These provisions set forth the DOE's obligations in offering Katherine a special education program under the EAHCA. Noticeably absent from the Act is any requirement that the DOE provide the best possible education for the eligible handicapped child. Because budgetary constraints limit resources that realistically can be committed to these special programs, the DOE is required to make only those efforts to accommodate Katherine's needs that are "within reason." Tokarcik v. Forest Hills School Dist., 665 F.2d 443, 455 (3d Cir.1981), cert. denied, 458 U.S. 1121, 102 S.Ct. 3508, 73 L.Ed.2d 1383 (1982) (related services). As noted by the Supreme Court in its first interpretation of the terms of the EAHCA,

furnishing handicapped children with only such services as are available to nonhandicapped children would in all probability fall short of the statutory requirement of "free appropriate public education"; to require, on the other hand, the furnishing of every special service necessary to maximize each handicapped child's potential is, we think, further than Congress intended to go.

Board of Education v. Rowley, 458 U.S. 176, 198, 102 S.Ct. 3034, 3047, 73 L.Ed.2d 690 (1982) (emphasis added) (holding that the EAHCA does not require the states "to maximize the potential of each handicapped child commensurate with the opportunity provided nonhandicapped children"). The Court concluded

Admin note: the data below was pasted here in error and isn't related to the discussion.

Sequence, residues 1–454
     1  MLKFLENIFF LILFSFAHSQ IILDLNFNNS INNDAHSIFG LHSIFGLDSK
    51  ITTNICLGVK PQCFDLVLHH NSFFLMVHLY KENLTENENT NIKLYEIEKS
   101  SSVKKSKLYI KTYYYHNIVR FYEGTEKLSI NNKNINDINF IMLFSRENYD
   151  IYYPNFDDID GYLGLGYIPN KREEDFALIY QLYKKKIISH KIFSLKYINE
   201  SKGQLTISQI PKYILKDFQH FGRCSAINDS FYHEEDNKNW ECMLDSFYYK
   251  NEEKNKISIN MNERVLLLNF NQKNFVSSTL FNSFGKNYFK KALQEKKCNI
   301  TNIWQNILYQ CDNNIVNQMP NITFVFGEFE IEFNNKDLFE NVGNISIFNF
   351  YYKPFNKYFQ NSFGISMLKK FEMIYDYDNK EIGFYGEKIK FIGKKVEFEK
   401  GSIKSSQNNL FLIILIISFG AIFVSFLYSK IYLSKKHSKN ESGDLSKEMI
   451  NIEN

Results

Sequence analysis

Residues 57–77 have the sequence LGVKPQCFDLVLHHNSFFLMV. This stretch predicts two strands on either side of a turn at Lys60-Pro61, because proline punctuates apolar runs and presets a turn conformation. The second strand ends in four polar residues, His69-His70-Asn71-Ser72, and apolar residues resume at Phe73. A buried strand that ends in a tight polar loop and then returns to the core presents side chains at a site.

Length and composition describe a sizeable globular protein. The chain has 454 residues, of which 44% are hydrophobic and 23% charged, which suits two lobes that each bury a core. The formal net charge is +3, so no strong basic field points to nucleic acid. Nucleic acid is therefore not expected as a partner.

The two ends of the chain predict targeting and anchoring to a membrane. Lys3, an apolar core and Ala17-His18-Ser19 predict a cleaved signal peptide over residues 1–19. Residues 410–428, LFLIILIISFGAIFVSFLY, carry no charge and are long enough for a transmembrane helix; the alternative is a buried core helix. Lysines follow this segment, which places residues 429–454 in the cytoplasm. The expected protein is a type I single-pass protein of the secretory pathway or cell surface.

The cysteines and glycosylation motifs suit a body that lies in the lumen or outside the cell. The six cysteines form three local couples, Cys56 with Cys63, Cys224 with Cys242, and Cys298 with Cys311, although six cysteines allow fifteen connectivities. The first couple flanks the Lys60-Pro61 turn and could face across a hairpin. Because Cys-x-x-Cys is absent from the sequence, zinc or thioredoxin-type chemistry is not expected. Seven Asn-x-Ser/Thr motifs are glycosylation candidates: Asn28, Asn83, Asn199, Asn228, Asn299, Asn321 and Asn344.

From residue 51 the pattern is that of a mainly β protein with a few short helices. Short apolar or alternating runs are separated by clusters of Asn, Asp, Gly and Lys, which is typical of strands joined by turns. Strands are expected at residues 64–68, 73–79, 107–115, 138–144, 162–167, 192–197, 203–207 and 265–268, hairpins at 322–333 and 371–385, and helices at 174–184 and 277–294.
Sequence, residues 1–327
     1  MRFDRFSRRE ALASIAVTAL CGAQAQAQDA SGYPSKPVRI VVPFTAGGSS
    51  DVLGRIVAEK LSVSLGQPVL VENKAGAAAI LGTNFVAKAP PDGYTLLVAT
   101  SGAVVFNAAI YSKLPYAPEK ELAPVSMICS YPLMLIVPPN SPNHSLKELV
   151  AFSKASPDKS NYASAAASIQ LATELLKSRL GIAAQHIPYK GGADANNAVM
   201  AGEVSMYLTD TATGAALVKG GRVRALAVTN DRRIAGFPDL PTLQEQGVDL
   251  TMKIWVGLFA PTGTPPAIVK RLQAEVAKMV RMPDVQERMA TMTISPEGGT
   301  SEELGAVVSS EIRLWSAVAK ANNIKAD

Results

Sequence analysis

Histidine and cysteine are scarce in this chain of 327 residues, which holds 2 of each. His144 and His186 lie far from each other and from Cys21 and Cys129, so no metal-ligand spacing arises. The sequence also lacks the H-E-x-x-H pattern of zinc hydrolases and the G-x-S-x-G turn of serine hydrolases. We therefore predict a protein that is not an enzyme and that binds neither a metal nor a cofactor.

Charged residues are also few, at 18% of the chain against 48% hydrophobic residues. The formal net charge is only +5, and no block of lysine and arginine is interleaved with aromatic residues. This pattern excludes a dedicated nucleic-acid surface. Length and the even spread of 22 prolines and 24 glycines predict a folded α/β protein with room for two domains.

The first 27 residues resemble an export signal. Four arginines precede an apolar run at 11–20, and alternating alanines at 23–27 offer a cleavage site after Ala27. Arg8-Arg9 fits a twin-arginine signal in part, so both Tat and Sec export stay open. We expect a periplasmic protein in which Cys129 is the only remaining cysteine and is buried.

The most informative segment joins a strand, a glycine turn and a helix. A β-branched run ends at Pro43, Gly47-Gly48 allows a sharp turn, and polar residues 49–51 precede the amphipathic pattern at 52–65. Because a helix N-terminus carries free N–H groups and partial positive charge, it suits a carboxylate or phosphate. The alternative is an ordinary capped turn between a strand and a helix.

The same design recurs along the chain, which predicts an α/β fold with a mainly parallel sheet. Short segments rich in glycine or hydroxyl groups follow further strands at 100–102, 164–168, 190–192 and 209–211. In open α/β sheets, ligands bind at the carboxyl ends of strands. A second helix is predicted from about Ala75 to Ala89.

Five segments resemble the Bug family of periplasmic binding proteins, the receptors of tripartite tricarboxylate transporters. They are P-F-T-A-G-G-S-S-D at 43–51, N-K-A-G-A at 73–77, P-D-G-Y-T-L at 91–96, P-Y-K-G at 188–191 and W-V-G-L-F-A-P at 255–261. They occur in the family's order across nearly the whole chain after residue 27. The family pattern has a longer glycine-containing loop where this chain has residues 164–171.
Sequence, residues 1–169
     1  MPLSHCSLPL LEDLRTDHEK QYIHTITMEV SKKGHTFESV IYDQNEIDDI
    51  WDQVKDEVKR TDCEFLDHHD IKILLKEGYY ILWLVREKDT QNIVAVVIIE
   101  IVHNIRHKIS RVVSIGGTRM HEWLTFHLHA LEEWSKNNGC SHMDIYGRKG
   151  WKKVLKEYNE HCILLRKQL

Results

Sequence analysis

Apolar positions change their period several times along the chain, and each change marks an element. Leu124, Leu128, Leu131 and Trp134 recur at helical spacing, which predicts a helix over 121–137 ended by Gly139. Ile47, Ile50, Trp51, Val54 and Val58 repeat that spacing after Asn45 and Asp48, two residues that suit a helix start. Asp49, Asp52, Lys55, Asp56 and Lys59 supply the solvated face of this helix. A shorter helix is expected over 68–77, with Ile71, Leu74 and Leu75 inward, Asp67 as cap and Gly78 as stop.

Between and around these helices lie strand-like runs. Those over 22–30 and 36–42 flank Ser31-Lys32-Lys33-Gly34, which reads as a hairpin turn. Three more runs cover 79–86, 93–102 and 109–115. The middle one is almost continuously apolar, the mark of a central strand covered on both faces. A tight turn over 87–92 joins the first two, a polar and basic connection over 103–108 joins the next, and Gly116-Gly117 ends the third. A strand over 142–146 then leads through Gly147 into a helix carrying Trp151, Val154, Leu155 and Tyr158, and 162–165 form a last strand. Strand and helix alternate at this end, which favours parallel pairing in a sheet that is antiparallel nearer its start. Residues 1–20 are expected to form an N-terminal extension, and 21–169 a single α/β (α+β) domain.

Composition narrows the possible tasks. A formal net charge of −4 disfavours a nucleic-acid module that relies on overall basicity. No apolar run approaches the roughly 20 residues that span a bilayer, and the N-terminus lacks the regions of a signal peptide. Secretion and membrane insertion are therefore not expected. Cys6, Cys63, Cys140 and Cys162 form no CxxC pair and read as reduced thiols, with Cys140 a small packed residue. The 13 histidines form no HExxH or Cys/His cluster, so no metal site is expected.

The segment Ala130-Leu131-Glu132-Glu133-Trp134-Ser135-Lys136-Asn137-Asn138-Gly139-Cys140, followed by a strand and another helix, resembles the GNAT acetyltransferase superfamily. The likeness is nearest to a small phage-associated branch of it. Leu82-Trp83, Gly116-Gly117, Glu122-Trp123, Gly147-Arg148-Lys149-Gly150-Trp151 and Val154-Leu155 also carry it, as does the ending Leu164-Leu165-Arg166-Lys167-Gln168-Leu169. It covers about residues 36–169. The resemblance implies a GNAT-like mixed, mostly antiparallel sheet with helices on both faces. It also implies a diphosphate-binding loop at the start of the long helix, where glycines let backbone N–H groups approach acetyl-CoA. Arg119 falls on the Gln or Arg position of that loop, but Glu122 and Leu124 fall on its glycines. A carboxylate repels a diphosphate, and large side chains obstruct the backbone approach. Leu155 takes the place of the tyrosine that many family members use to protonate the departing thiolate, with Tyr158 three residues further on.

that the "basic floor of opportunity" provided by the Act consists of access to specialized instruction and related services which are individually designed to provide educational benefit to the handicapped child.

Id. at 201, 102 S.Ct. at 3048. See also Doe v. Anrig, 692 F.2d 800, 806 (1st Cir.1982) (in determining appropriate placement of an individual handicapped child, the child's needs must be weighed against the realities of limited public monies).

We turn now to a consideration of the appropriateness of the IEP's the DOE offered to Katherine D. 2 In determining whether the DOE's proposed programs met the statutory standard, we consider the two relevant school years separately because the programs offered in 1980-1981 and 1981-1982 were significantly different. We hold that the DOE's offer for 1980-81 was inadequate but that the 1981-82 plan offered Katherine a "free appropriate public education."

A. 1981-82 School Year 3

For the 1981-82 school year, the DOE offered to enroll Katherine in a regular public school program and to train the school staff to respond to her medical needs. The district court held that this offer did not satisfy the EAHCA's "free appropriate public education" requirement because

the attitude of the school's personnel toward the plan made it completely unworkable and ineffectual [and] the plan self-destructed with the filing of the grievance by the school administrators and teachers involved.

Appellees agree with the district court's conclusion, arguing that...